During the quiet, gray afternoons of winter, another area of the farm bustles with life: the farmstead creamery. Tucked in its own charming little building next to the stone barn and replete with two 26-gallon Van Riet cheese vats, commercial equipment and a cheese cave, our beloved fromagerie is a quiet and tranquil spot to experiment with new cheesemaking recipes and techniques.
We make a wide variety of fresh and aged cheeses in-house—from the hand-dipped ricotta cheeses crafted from leftover whey to the rich and creamy Tomme, Vecchio and Grana styles that are brined and aged in the cave. Other fromagerie-made favorites also include fresh chevre crafted from goat’s milk, fromage blanc and silky crème fraîche. This year we have been busy developing several new cheeses as well, working with new recipes and techniques to expand on the skills originally gleaned during our training at the Vermont Institute of Artisan Cheese and with cheesemakers Enrique Canut, Marc Druart, Peter Dixon and Gianaclis Caldwell.
We look forward to sharing delicious new cheeses, plus tried-and-true favorites from both our creamery and other local fromageries, in your weekly boxes all year long!
Although winter continues to make its presence felt on its way out the door, the transition to spring has indeed begun here at Bella Luna Farms: The witch hazel trees are in bloom, the animals are starting to venture out into their outdoor paddocks and the sweet little crocuses and daffodils are peeping up out of the soil. After months of squirreling away seeds in anticipation of the last thaw, these signs encourage us that it’s finally time to roll up our sleeves and get our hands back into the soil.
Thus, the pace has picked up in the gardens as the plots begin to awaken from their winter slumber: Those aforementioned seeds are going in the ground and the new lettuce and kale starts have already taken root, as have the onion sets and leeks. Later into the spring the spring peas will be planted and we will begin harvesting our second crops of flavorful spring greens from the hoop house. Soon, if it is warm enough for new growth, we should also see the first signs of watercress and perhaps even begin scouting for young rhubarb!
Here at the farm, we often enjoy an extra early crop of those bright pink beauties as we grow our rhubarb starts under forcing jars. This technique, in which the rhubarb is grown in darkness under the warm cover of a bell-shaped pot, produces pale, smooth stalks that are less bitter than their later-season counterparts; these are excellent in jams, jellies, breads, cakes and more. We’re already salivating over utilizing our first harvest in such as favorite recipes as red-wine poached or roasted rhubarb—and really, nothing will mark the true beginning of spring quite like the smell of our first rhubarb crisp baking away in the farmhouse kitchen.
With the arrival of beautiful blooms and warmer temperatures, our native pollinators—Orchard Mason bees and honey bees—are now busy, busy, busy collecting pollen and nectar. Here at the farm we help foster these bee communities in two separate ways:
First up, Mason Bees make their homes in tiny holes in tree trunks, reeds, natural small nooks, or in man-made structures like our new specialized Orchard Mason bee houses which were recently installed by Dave and Beth Richards of Woodinville’s Johnny Applebees in sunny, south-facing spots here at the farm to help with crop pollination. These handmade cedar houses are filled with reed tubes that mimic the bees’ natural nesting spots. These busy, non-stinging bees are considered nature’s ‘super’ pollinators – pollinating up to more than eighty times as many flowers as honeybees do as they can work in cooler temperatures and start flying earlier in the spring, and are a welcome addition to the farm!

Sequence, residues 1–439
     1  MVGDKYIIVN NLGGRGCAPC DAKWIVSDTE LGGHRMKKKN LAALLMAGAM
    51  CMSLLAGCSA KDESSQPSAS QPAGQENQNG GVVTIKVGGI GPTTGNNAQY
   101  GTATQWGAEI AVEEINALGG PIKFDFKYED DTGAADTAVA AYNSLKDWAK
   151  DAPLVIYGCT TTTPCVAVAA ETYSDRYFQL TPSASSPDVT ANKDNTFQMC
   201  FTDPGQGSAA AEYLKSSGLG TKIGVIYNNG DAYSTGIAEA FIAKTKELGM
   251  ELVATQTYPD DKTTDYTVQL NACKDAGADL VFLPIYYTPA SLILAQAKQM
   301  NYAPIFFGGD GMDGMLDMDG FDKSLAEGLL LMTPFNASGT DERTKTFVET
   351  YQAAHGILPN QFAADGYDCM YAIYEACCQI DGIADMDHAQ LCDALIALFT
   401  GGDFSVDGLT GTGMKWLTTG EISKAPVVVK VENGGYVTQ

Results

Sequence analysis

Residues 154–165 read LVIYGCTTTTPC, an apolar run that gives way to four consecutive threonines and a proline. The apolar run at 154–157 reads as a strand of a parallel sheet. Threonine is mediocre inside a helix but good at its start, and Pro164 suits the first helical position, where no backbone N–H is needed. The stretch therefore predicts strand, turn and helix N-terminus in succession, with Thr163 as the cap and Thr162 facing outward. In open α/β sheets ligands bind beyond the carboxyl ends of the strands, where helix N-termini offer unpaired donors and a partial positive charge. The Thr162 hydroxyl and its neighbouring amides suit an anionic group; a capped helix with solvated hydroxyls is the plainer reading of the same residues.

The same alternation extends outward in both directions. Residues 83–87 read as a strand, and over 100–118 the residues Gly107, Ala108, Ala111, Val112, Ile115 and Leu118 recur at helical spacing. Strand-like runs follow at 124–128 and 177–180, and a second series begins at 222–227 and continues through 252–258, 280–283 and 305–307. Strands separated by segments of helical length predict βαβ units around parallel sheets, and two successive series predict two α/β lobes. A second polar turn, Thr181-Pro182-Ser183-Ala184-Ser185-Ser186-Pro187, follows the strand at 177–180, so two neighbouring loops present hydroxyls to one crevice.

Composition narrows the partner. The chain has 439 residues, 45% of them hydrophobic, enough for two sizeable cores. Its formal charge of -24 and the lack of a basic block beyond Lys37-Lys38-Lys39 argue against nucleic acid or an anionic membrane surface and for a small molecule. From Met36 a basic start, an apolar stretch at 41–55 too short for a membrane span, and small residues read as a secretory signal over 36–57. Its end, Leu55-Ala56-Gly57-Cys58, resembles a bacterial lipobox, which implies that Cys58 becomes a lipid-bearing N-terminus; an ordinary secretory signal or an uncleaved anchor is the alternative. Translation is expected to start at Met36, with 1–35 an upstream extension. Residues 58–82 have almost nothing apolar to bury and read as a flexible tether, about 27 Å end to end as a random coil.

Then, the honey bees in our dedicated apiary are also abuzz with activity this spring, traveling from flower to flower to make honey to feed the brood in the hives. Honey bees form large organized colonies, or hives, usually in hollow tree trunks in the wild, which can contain as many as seventy-five thousand bees. The wooden bee hives we keep in the apiary usually contain around forty- to fifty-thousand female worker bees, and a single queen who lays all of the eggs to produce the young. These hives would look mighty familiar, as they are the same wood boxes that we use for our weekly deliveries! Stacked on top of each other, each two-box hive holds ten frames hanging from the inside lip of the box. This is where the bees make wax comb, store honey and pollen, and raise their young. In the spring we add extra shallower boxes to the tops of the hives, called supers, which is where the bees will store extra honey for winter; this is the honey that we can harvest from the hives.
Working from dawn to dusk, our honey bees are true ‘sun-seekers’, unable to fly in the rain, or if it’s too cold. However, on nice days, they might travel as far as five miles to collect food. Here in Western Washington their main food sources for pollen and nectar are Bigleaf maple flowers, dandelions and salmon berry flowers in the spring, and then fireweed and blackberries in late summer.
We love seeing the busy Mason and honey bees buzzing on by—they are vital to the life cycle of the gardens and orchard, and to the food they help produce!